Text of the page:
McWayne, C. M., Melzi, G., *Limlingan, M. C., & Schick, A. (2016). Ecocultural patterns of family engagement among low-income Latino families of preschool children. Developmental Psychology, 52 (7), 1088-1102.
Bulotsky-Shearer, R. J., McWayne, C. M., Mendez, J. L., & Manz, P. H. (2016). Preschool peer play interactions - a developmental context for learning for ALL children: Rethinking issues of equity and opportunity. In K. E. Sanders, & A W. Guerra (Eds.), The culture of child care: Attachment, peers, & quality in diverse communities (pp. 179-202). In honor of Dr. Carollee Howes. Oxford: Oxford University Press.
McWayne, C. M. (2015). Family-school partnerships in a context of urgent engagement: Rethinking models, measurement, and meaningfulness. In S. Sheridan (Ed.), Research on Family-School Partnerships: An Interdisciplinary Examination of State of the Science and Critical Needs (pp. 105-124). Switzerland: Springer International Publishing.
McWayne, C. M., Manz, P. H., & Ginsburg-Block, M. D. (2015). Examination of the Family Involvement Questionnaire-Early Childhood (FIQ-EC) with Low-Income, Latino Families of Young Children: An Application of Rasch Modeling. International Journal of School & Educational Psychology, 3(2), 1-18.
McWayne, C. M., & Melzi, G. (2014). Validation of a culture-contextualized measure of family engagement in the early learning of low-income Latino children. Journal of Family Psychology, 28, 260-266.
McWayne, C. M., & Bulotsky-Shearer, R. J. (2013). Identifying family and classroom practices associated with stability and change of social-emotional readiness for a national sample of low-income children. Special Issue: Familial and Nonfamilial relationships as ecological sources of health and positive development across the lifespan. Research in Human Development, 10, 116-140.
McWayne, C., Melzi, G., *Schick, A. R., *Kennedy, J. L., & *Mundt, K. (2013). Defining family engagement among Latino Head Start parents: A mixed-methods measurement development study. Early Childhood Research Quarterly, 28, 593-607.
McWayne, C., Downer, J., Campos, R., & *Harris, R. (2013). Father involvement during early childhood and its association with children’s school readiness: A meta-analysis. Early Education and Development, 24, 898-922.
McWayne, C., *Cheung, K., Green, L., & Hahs-Vaughn, D. (2012). Patterns of school readiness among Head Start children: Meaningful within-group variability during the transition to kindergarten. Journal of Educational Psychology, 104, 862-878.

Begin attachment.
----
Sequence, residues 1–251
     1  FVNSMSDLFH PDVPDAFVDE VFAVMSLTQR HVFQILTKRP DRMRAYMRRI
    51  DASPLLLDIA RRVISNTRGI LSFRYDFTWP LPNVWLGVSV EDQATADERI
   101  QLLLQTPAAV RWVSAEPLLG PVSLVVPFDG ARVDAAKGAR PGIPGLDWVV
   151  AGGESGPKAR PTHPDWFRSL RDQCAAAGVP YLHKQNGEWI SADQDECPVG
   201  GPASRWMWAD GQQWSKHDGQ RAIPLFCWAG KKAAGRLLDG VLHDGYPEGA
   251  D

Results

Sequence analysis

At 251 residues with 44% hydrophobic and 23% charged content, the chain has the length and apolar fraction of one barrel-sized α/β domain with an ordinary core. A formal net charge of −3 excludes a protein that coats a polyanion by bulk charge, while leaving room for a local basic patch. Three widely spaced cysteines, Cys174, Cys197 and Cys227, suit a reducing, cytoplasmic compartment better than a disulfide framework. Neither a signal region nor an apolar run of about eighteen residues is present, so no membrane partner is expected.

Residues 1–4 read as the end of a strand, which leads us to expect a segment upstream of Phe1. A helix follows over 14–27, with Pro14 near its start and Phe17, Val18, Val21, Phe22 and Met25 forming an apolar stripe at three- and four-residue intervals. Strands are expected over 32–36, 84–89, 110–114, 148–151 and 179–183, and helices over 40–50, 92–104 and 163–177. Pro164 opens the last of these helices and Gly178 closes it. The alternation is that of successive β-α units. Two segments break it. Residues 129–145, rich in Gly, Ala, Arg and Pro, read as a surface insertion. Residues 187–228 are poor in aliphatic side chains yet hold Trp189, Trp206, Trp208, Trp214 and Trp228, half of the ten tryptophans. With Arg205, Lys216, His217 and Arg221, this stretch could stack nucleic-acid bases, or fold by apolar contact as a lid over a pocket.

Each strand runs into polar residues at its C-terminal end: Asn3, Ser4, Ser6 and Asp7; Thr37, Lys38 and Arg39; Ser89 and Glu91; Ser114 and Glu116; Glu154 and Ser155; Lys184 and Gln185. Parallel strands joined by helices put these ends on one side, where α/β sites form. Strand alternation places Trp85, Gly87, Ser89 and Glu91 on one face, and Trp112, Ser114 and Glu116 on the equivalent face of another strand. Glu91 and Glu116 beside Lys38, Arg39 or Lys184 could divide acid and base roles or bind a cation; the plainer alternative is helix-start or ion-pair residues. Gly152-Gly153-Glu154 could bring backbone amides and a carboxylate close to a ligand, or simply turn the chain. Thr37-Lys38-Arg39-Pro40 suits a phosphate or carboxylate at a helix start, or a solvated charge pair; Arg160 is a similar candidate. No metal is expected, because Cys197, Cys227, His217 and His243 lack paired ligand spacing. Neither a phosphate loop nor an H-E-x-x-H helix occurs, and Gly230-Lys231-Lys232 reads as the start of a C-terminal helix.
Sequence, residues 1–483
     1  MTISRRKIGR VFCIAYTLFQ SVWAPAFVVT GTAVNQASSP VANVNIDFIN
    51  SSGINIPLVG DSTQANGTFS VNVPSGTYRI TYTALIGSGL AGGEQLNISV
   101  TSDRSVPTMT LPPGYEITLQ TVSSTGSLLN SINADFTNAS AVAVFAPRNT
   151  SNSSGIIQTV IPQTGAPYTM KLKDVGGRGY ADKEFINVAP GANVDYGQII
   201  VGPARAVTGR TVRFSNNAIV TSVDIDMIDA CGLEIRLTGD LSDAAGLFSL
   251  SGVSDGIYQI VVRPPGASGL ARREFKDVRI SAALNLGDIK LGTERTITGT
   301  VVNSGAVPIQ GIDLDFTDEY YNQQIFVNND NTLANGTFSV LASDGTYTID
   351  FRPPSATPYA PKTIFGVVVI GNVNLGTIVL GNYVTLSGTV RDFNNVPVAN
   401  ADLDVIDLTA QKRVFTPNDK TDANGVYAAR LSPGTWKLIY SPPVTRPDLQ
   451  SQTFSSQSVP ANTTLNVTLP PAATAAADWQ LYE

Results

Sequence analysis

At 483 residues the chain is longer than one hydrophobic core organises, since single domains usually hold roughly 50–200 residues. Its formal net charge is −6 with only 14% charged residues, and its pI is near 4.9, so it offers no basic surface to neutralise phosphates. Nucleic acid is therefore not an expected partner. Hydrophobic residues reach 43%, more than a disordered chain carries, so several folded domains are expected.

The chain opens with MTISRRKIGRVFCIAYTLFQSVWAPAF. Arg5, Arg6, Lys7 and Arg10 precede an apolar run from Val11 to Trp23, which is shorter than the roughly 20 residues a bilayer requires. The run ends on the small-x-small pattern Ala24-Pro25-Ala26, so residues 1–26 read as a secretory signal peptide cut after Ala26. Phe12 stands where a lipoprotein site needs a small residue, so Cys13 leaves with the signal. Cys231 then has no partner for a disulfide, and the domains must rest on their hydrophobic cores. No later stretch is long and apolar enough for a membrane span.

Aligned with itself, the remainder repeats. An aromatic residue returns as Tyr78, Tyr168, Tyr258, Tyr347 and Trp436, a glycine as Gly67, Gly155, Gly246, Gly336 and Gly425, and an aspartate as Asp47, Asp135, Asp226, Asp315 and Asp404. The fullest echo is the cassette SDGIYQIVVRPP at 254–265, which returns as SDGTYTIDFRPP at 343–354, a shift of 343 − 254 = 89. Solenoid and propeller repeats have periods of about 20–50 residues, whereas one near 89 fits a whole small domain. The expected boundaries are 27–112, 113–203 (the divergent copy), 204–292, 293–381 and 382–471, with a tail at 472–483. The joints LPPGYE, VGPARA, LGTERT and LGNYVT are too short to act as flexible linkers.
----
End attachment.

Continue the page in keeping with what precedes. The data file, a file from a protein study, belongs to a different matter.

McWayne, C., Hahs-Vaughn, D., *Cheung, K., & Green, L. (2012). National profiles of school readiness skills for Head Start children: An investigation of stability and change. Early Childhood Research Quarterly, 27, 668-683.
Bulotsky-Shearer, R. J., Manz, P. H., Mendez, J. L., McWayne, C. M., Sekino, Y., & Fantuzzo, J. W. (2012). Peer Play Interactions and Readiness to Learn: A Protective Influence for African American Preschool Children from Low-income Households. Child Development Perspectives Special Issue on Positive Development in Minority Children, 6(3), 225-231.
Ginsburg-Block, M., Manz, P. H., & McWayne, C. (2010). Partnering with families to foster early achievement in reading and mathematics. In A. L. Reschly & S. Christenson (Eds.). The handbook on school family partnerships for promoting student competence (pp. 176-203). Oxford, UK: Routledge/Taylor and Francis Group.
McWayne, C.M., & *Cheung, K. (2009). A picture of strength: Preschool competencies mediate the effects of early behavior problems on later academic and social adjustment for Head Start children. Journal of Applied Developmental Psychology, 30, 273-285.
McWayne, C., *Green, L., & Fantuzzo, J. (2009). A variable- and person-oriented investigation of preschool competencies and Head Start children’s transition to kindergarten and first grade. Applied Developmental Science, 13, 1-15.
McWayne, C., *Campos, R., & *Owsianik, M. (2008). A multidimensional, multi-level examination of mother and father involvement among culturally diverse Head Start families. Journal of School Psychology, 46, 551-573.
McWayne, C., *Owsianik, M., *Green, L., & Fantuzzo, J. (2008). Parenting behaviors and preschool children's social and emotional skills: A question of the consequential validity of traditional parenting constructs for low-income African Americans. Early Childhood Research Quarterly, 23, 173-192.
Downer, J., *Campos, R., McWayne, C., & *Gartner, T. (2010). Father involvement and children's early learning: A critical review of published empirical work from the past 15 years. Marriage & Family Review, 43, 67-108.
McWayne, C., McDermott, P. A., Fantuzzo, J., & Culhane, D. (2007). Employing community data to investigate social and structural dimensions of urban neighborhoods: An early childhood example. American Journal of Community Psychology, 39, 47-60.
Fantuzzo, J., McWayne, C., & Childs, S. (2006). Scientist-community collaborations: A dynamic tension between rights and responsibilities. In J. E. Trimble & C. B. Fisher (Eds.), Handbook of ethical research involving ethnocultural populations and communities, (pp. 27-49). Thousand Oaks, CA: Sage Publications.